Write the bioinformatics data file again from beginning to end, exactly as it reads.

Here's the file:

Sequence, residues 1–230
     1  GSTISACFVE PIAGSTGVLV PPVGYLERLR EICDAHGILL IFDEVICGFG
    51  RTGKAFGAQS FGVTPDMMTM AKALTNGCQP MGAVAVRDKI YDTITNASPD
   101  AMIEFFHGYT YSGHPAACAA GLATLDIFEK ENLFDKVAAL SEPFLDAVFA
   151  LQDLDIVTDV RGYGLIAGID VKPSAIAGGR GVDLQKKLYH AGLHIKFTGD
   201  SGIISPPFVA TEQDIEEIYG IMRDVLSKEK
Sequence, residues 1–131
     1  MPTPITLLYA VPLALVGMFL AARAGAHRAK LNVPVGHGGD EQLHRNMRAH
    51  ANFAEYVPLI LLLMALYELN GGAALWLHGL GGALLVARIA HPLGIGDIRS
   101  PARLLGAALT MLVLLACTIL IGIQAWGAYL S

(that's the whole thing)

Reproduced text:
Sequence, residues 1–230
     1  GSTISACFVE PIAGSTGVLV PPVGYLERLR EICDAHGILL IFDEVICGFG
    51  RTGKAFGAQS FGVTPDMMTM AKALTNGCQP MGAVAVRDKI YDTITNASPD
   101  AMIEFFHGYT YSGHPAACAA GLATLDIFEK ENLFDKVAAL SEPFLDAVFA
   151  LQDLDIVTDV RGYGLIAGID VKPSAIAGGR GVDLQKKLYH AGLHIKFTGD
   201  SGIISPPFVA TEQDIEEIYG IMRDVLSKEK
Sequence, residues 1–131
     1  MPTPITLLYA VPLALVGMFL AARAGAHRAK LNVPVGHGGD EQLHRNMRAH
    51  ANFAEYVPLI LLLMALYELN GGAALWLHGL GGALLVARIA HPLGIGDIRS
   101  PARLLGAALT MLVLLACTIL IGIQAWGAYL S